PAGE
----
Have questions about forming or transitioning your business?

We’ve noticed a lot more people coming in lately who want help with their small businesses. This help may involve choosing the best way to organize the business, such as whether to set up an LLC or a corporation, or it might be about how to pass the business on to the next generation -- but helping with small business planning seemed like a natural extension of the estate planning we already do.


Many of you don’t have small businesses, but that doesn’t mean our business planning won’t be helpful to you! Anyone with a second home or rental properties should know that there are a lot of liability issues associated with these properties. If someone is injured while on your property, you could be facing a lawsuit. Without the proper protections, you could end up paying their bills.


That’s why we often recommend people set up their rental properties and vacation homes in an LLC (limited liability company). With the proper legwork, your real estate is separated from your personal assets, which limits your liability in the event someone decides to sue you. You may think that this sort of lawsuit is unlikely, but isn’t that why you buy insurance? This type of planning can be thought of as a little extra insurance just in case something does happen (but without the annual fees).


Another facet of business planning we offer is succession planning. A recent article by Forbes cited a study in which they found that less than a third of businesses successfully made the transition to the second generation, and that number is cut in half again when the business is transitioned to the third generation. Unfortunately, these statistics don’t lie, and one of the biggest culprits is a lack of succession planning. For instance, Dad might want his oldest son to take on the family business when he’s gone, but the oldest son doesn’t know this and might have no interest in doing so. Or, because there is no formal plan in place, all four of Dad’s children fight over who gets to run the business (since they got equal shares in it through his Will), and after the lawsuits have concluded the business is in such bad shape the “winners” end up just deciding to shut it down.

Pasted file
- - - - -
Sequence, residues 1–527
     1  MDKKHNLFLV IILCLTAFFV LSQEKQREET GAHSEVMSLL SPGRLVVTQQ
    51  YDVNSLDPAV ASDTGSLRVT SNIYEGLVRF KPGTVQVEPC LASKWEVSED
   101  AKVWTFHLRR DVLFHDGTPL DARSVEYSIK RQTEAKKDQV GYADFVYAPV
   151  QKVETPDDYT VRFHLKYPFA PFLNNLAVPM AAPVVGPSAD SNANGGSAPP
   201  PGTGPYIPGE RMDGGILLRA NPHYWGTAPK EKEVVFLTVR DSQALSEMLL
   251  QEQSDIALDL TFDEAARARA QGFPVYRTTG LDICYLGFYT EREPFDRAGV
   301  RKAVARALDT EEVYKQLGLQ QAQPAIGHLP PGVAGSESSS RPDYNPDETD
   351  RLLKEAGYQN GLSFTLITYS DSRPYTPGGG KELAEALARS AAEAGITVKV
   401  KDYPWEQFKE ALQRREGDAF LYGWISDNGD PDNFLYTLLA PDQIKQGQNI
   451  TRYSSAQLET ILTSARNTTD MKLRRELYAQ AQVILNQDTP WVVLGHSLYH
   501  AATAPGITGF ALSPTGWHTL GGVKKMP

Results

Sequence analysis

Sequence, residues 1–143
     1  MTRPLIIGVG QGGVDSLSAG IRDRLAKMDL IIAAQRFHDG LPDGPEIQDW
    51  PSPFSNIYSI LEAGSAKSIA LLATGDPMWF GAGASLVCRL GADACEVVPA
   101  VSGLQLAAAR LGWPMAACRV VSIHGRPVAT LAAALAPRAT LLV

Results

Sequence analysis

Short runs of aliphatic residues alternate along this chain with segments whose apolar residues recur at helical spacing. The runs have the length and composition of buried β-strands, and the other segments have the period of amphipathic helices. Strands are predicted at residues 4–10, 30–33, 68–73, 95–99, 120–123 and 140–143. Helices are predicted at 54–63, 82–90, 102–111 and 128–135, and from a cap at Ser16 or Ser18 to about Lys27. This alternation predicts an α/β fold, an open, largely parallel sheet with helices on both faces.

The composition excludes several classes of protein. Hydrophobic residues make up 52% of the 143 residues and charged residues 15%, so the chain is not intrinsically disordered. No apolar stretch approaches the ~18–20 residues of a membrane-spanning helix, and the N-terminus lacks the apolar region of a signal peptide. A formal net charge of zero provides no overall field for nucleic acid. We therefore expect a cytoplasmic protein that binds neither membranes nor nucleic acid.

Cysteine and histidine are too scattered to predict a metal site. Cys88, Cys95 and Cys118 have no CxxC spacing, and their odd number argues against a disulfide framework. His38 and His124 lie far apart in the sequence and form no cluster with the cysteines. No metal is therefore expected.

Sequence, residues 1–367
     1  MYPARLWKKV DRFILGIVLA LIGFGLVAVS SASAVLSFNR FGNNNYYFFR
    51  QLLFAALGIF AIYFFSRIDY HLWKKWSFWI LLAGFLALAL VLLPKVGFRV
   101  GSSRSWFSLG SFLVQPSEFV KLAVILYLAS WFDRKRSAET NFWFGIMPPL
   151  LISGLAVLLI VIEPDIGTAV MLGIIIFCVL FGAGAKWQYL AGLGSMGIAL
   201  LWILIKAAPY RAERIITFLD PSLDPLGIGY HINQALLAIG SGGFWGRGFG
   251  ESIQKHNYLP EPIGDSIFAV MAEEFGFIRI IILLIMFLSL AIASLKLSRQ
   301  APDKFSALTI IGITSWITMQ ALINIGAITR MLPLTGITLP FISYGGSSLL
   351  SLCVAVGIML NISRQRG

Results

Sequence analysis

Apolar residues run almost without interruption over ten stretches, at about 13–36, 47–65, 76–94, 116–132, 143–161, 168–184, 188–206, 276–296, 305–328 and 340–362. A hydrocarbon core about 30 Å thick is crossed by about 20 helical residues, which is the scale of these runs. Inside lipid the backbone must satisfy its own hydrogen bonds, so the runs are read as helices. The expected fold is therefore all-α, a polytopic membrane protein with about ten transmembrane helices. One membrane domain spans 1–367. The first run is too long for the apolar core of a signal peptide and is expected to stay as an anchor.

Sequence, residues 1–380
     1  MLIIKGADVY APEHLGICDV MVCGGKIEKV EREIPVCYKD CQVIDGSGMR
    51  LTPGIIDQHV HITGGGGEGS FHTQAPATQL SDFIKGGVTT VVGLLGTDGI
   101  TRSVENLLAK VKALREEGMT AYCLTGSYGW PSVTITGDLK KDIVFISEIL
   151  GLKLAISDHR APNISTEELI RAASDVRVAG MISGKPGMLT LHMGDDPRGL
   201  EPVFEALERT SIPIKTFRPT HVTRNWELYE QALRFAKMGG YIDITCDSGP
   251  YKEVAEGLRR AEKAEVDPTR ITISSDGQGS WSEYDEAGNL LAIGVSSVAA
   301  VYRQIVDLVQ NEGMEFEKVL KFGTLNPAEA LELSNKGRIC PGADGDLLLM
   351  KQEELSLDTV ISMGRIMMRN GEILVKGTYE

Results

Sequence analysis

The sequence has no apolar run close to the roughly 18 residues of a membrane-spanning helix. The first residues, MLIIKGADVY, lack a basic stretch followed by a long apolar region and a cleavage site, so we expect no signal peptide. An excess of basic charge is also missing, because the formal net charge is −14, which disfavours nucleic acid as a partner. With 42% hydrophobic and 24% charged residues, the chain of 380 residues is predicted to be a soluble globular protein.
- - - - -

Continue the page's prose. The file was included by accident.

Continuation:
To combat this confusion, a business operating agreement is essential, but often completely neglected. Without the operating agreement, when heirs decide to fight over the inheritance, a lot of these issues end up going to court -- and the legal fees eat up so much of the inheritance that the business just falls apart. No one wants to think about what will happen if they pass away or become incapacitated, but planning at the front end will ensure everything goes smoothly on the back end.


I hope this helps you understand the function and purpose of business planning a little better. Most importantly, I hope not to get many more calls from people wondering if we know a good business planning attorney. It’s official -- Stratton & Reynolds does business planning! Let us know if you have any questions or want to learn more about how we can help.

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